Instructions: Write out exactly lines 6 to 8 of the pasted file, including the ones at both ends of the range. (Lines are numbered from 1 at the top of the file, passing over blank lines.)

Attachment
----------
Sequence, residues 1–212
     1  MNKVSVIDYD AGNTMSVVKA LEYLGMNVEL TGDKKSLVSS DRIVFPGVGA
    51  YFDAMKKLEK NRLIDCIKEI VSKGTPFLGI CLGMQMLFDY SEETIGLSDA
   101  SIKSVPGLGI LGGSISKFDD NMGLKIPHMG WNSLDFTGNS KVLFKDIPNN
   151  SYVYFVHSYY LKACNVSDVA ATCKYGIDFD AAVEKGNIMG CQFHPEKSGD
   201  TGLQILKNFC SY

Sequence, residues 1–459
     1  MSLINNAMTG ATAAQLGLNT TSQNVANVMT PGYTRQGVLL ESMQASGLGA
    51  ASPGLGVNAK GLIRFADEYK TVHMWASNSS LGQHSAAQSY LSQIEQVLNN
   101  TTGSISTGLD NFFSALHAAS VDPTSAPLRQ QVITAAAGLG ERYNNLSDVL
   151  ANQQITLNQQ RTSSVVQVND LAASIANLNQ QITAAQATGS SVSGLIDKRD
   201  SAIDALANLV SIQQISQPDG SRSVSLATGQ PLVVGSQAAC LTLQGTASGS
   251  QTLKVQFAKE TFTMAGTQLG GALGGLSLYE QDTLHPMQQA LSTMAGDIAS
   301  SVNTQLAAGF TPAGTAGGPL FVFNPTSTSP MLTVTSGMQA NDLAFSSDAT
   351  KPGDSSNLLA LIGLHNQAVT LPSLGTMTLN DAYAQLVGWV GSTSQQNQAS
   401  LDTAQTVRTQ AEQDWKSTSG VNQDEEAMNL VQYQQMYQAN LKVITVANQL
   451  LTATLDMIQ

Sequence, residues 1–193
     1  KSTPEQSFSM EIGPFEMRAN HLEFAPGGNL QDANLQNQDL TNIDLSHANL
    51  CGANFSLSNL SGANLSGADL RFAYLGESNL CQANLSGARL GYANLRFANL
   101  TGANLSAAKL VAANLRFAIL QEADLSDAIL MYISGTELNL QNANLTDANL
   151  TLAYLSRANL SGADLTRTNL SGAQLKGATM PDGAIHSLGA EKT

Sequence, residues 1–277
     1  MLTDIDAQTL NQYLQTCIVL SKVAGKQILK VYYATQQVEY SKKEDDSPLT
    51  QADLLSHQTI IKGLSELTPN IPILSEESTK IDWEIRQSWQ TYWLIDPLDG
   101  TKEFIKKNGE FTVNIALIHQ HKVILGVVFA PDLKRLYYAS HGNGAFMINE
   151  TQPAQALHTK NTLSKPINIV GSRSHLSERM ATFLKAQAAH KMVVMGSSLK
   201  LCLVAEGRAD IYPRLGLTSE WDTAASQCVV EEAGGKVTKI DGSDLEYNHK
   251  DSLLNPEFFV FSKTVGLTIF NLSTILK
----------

   201  TGLQILKNFC SY

Sequence, residues 1–459
     1  MSLINNAMTG ATAAQLGLNT TSQNVANVMT PGYTRQGVLL ESMQASGLGA